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The Geocmilite

Updated: Jun 25

By: Adam Zhang


Tyler ran. His leg muscles ached and cramped, but he continued to run. He had no destination in mind. Unlike the seniors at Eagle Prairie High, Tyler was a freshman and had lots of time to waste time after school with his friends.

When Tyler felt too tired to run, he stopped. Both hands on knees, he squatted down and panted. His two friends had made him a deal that if Tyler could outrun them, each would owe him three dollars.

Easy money, he had thought. Tyler was almost the fastest in the grade. Even still, his body was screaming the opposite. Sweat slowly dripped from his hair, for he had run nearly a mile–six minutes of nonstop sprinting. Tyler figured it was worth the total of six dollars, though.

“Alrighty,” Tyler said to himself, “Time to go home!”

He spun around in a proud manner. He saw three paths in front of him. Two were quite similar, narrow cracked concrete way surrounded by trees. The other was much wider, with a smoother dark stone path. It occurred to him he had no idea where he was or how to get back home.

“Google Maps it is.”

Tyler stuffed his sweaty hands into his neon orange basketball shorts. His fingers fumbled around in the somewhat oversized pocket. Still, he only found his car keys and nickels from a gas station cashier.

Okay, that’s not good, he thought as he tried very hard to remember which way he came from. Tyler sighed and searched for some sort of sign pointing in the direction.

“I believe it was this one,” Tyler muttered, turning a few degrees right. His judgment told him that it was the path with the smoother concrete since he lived in a relatively wealthy neighborhood, which meant everything, including trails, was well maintained. But even if he was wrong, he could just turn back and take another path.

He walked, for he was still quite tired, only a few steps before he turned around and pondered where he had run to. The place was a seemingly abandoned steel mill surrounded by woodland and partially enclosed by iron fencing. A rusted sign on the fence read “Do not enter, private property!”. Its presence told Tyler the mill might still be in use.

From the corner of his eye, Tyler caught the silhouette of a tall, sleek man half-hidden behind a wall. He must have been dressed in all black with a mask because he couldn’t see facial details or the flesh of the man’s face.

“Sorry!” Tyler shouted and waved, “I didn’t know this was private property.”

Right as he shouted this, the man disappeared. Tyler thought it was pretty creepy, but he assumed the man had other work to do, so he quickly rushed out of the area and started walking back home on the path at a leisurely pace. Since he had nothing else to do, Tyler took out his car keys and jingled them with his other fingers. The sound of the metal keys hitting one another rung the air.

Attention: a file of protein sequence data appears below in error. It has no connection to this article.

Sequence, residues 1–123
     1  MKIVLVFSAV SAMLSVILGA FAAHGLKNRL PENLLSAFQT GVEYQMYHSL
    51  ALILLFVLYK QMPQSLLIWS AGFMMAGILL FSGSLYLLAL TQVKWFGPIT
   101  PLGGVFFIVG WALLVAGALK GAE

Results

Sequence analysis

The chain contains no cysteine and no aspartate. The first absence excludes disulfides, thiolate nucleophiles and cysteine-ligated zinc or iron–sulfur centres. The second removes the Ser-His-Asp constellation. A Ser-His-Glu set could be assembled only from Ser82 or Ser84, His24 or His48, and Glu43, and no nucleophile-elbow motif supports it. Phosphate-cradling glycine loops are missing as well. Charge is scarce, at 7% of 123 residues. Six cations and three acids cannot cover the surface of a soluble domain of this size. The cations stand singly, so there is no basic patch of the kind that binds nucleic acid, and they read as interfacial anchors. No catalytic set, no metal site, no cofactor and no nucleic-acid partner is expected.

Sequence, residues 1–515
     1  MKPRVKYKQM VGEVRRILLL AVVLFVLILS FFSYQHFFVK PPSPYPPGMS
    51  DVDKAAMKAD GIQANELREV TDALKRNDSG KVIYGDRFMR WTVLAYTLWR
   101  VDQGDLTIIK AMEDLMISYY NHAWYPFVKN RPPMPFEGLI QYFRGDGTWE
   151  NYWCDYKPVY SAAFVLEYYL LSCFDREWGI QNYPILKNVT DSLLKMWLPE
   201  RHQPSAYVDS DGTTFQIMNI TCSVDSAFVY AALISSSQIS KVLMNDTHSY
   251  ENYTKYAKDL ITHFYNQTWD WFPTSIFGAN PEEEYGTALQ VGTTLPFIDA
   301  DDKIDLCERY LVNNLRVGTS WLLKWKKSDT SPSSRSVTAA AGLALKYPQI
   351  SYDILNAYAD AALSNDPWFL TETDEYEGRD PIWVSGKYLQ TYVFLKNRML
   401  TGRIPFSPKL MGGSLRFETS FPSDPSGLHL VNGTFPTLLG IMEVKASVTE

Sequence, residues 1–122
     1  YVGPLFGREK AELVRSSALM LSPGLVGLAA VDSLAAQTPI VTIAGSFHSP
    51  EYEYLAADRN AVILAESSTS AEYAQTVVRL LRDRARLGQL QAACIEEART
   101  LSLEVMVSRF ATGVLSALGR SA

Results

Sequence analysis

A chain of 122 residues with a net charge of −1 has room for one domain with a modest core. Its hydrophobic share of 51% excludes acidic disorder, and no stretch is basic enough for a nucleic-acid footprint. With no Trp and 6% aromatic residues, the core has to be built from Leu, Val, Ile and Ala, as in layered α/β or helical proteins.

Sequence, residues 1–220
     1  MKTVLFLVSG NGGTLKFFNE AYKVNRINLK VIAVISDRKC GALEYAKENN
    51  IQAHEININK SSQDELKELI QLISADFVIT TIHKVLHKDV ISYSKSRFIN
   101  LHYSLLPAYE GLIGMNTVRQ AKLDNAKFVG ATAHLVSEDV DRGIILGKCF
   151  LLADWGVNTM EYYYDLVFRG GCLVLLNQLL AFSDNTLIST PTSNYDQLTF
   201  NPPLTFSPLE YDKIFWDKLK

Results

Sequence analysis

Suddenly, there was a rustle of leaves in the trees. From the dark shadowy woods jumped a small red squirrel, a nut in its hands. Tyler’s heart almost jumped out of his throat.

What did I think it was, he thought, scared of some squirrels like a baby.

Tyler continued on his way, occasionally turning around for a quick check until he rested his legs enough to run. He could see a building at the end of the way. It was a large building, with many chimneys coming from its roof. It didn’t look like his neighborhood.

As Tyler got closer, he eventually came to a stony road. He didn’t recognize the street nor any location near it.

This isn’t Elm Street or Parkinson Avenue! I’m lost again!

He closed his eyes and sighed. It had been only fifteen minutes, but the “adventure” felt like hours. Tyler imagined his silky pillow and cozy blanket in his bed. As he returned to his senses, he saw what was on the other side of the road.

It was the same steel mill. There was the identical rusted “Do not enter!” sign. Maybe there were two perfect replicas in the exact location? That was impossible.

It was getting dark. It had to be at least six o’clock. No cars were on the road, and no signs of life either.

Tyler walked off the path into the street. He felt the chilly breeze on his face. Eagle Prairie had never been so cold before, even during the winter. Tyler looked at both sides, even though there were no cars, and saw the same black-dressed man from earlier.

And that was when everything turned dark.

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